deleted@footnote{More precisely, and requiring more expert knowledge deleted. More precisely, and requiring more expert knowledge
to understand, the two integers are of type @code{Lisp_Object}, which can to understand, the two values are of type @code{Lisp_Object}, which
also be a C union instead of an integer type.}. might be a C pointer, a C integer, or a C @code{struct}; C code
ordinarily should not care how @code{Lisp_Object} is implemented.
Integer widths depend on the machine, and are typically 32 or 64 bits. @code{Lisp_Object} widths depend on the machine, and are typically 32
A few of the bits are used to specify the type of information; the or 64 bits. A few of the bits are used to specify the type of
remaining bits are used as content. information; the remaining bits are used as content.
@samp{XINT} is a C macro that extracts the relevant number from the @samp{XFIXNUM} is a C macro that extracts the relevant integer from the
longer collection of bits; the type bits are discarded. longer collection of bits; the type bits are discarded.
@need 800 @need 800
The command in @code{delete-and-extract-region} looks like this: The command in @code{delete-and-extract-region} looks like this:
@smallexample @smallexample
del_range_1 (XINT (start), XINT (end), 1, 1); del_range_1 (XFIXNUM (start), XFIXNUM (end), 1, 1);
@end smallexample @end smallexample
@noindent @noindent
......
...@@ -792,13 +792,13 @@ This mainly sets up debugger-related bindings." ...@@ -792,13 +792,13 @@ This mainly sets up debugger-related bindings."
This can be useful after reducing the value of `message-log-max'." This can be useful after reducing the value of `message-log-max'."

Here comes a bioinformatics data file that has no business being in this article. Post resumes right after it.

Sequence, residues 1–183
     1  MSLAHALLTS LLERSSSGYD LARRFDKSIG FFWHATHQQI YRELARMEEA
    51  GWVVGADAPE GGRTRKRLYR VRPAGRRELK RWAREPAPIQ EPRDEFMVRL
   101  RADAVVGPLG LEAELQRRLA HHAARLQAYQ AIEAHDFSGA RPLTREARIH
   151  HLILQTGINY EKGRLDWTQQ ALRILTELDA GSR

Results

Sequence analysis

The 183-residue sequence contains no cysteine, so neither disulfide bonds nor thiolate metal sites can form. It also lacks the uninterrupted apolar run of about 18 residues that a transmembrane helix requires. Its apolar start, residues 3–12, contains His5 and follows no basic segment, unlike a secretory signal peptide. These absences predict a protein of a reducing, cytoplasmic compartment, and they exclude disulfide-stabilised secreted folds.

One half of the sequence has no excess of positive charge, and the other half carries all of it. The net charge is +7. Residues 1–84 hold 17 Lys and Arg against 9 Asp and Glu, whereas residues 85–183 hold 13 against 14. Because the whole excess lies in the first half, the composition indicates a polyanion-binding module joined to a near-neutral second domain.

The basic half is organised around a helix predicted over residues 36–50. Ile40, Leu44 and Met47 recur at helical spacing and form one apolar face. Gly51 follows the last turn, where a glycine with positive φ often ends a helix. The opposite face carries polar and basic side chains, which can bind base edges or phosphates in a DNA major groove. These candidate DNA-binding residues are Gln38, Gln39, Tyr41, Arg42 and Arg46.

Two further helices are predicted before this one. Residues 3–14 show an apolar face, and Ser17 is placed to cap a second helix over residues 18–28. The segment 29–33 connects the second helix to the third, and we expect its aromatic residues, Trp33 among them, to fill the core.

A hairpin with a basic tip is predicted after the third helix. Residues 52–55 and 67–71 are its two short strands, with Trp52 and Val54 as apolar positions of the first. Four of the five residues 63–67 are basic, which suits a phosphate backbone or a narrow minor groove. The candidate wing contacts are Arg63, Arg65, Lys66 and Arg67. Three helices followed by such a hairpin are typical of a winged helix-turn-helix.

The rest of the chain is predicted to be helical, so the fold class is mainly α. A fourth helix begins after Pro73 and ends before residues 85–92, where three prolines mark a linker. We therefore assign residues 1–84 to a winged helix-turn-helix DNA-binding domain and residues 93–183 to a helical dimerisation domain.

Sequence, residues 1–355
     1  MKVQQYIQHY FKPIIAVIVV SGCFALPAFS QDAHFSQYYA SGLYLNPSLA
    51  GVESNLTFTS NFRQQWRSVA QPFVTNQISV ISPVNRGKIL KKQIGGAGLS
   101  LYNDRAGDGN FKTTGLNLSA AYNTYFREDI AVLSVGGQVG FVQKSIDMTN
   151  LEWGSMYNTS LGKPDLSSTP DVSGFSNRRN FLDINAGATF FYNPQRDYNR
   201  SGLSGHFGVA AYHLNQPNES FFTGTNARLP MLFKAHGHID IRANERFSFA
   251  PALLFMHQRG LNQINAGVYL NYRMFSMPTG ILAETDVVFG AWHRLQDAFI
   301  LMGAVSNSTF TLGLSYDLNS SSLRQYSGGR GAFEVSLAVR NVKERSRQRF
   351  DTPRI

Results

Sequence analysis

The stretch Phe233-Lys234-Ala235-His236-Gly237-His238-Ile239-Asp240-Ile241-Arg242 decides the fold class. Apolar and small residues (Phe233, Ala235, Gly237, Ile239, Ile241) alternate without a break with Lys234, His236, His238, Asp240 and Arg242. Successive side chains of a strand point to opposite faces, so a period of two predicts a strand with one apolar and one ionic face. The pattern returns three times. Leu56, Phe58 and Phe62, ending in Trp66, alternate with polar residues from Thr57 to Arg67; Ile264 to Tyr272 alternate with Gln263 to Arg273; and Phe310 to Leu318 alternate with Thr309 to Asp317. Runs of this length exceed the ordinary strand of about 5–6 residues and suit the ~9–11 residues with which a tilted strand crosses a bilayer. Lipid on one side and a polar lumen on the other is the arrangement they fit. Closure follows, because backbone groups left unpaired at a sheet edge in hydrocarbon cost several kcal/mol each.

(with-current-buffer (messages-buffer) (with-current-buffer (messages-buffer)
;; This is a reimplementation of this part of message_dolog() in xdisp.c: ;; This is a reimplementation of this part of message_dolog() in xdisp.c:
;; if (NATNUMP (Vmessage_log_max)) ;; if (FIXNATP (Vmessage_log_max))
;; { ;; {
;; scan_newline (Z, Z_BYTE, BEG, BEG_BYTE, ;; scan_newline (Z, Z_BYTE, BEG, BEG_BYTE,
;; -XFASTINT (Vmessage_log_max) - 1, 0); ;; -XFIXNAT (Vmessage_log_max) - 1, false);
;; del_range_both (BEG, BEG_BYTE, PT, PT_BYTE, 0); ;; del_range_both (BEG, BEG_BYTE, PT, PT_BYTE, false);
;; } ;; }
(when (and (integerp message-log-max) (>= message-log-max 0)) (when (natnump message-log-max)
(let ((begin (point-min)) (let ((begin (point-min))
(end (save-excursion (end (save-excursion
(goto-char (point-max)) (goto-char (point-max))
......
...@@ -1316,7 +1316,7 @@ if hasattr(gdb, 'printing'): ...@@ -1316,7 +1316,7 @@ if hasattr(gdb, 'printing'):
itype = ival >> (0 if USE_LSB_TAG else VALBITS) itype = ival >> (0 if USE_LSB_TAG else VALBITS)
itype = itype & ((1 << GCTYPEBITS) - 1) itype = itype & ((1 << GCTYPEBITS) - 1)
# For a Lisp integer N, yield "make_number(N)". # For a Lisp fixnum N, yield "make_fixnum(N)".
if itype == Lisp_Int0 or itype == Lisp_Int1: if itype == Lisp_Int0 or itype == Lisp_Int1:
if USE_LSB_TAG: if USE_LSB_TAG:
ival = ival >> (GCTYPEBITS - 1) ival = ival >> (GCTYPEBITS - 1)
...@@ -1324,7 +1324,7 @@ if hasattr(gdb, 'printing'): ...@@ -1324,7 +1324,7 @@ if hasattr(gdb, 'printing'):
ival = ival | (-1 << VALBITS) ival = ival | (-1 << VALBITS)
else: else:
ival = ival & ((1 << VALBITS) - 1) ival = ival & ((1 << VALBITS) - 1)
return "make_number(%d)" % ival return "make_fixnum(%d)" % ival
# For non-integers other than nil yield "XIL(N)", where N is a C integer. # For non-integers other than nil yield "XIL(N)", where N is a C integer.
# This helps humans distinguish Lisp_Object values from ordinary # This helps humans distinguish Lisp_Object values from ordinary
......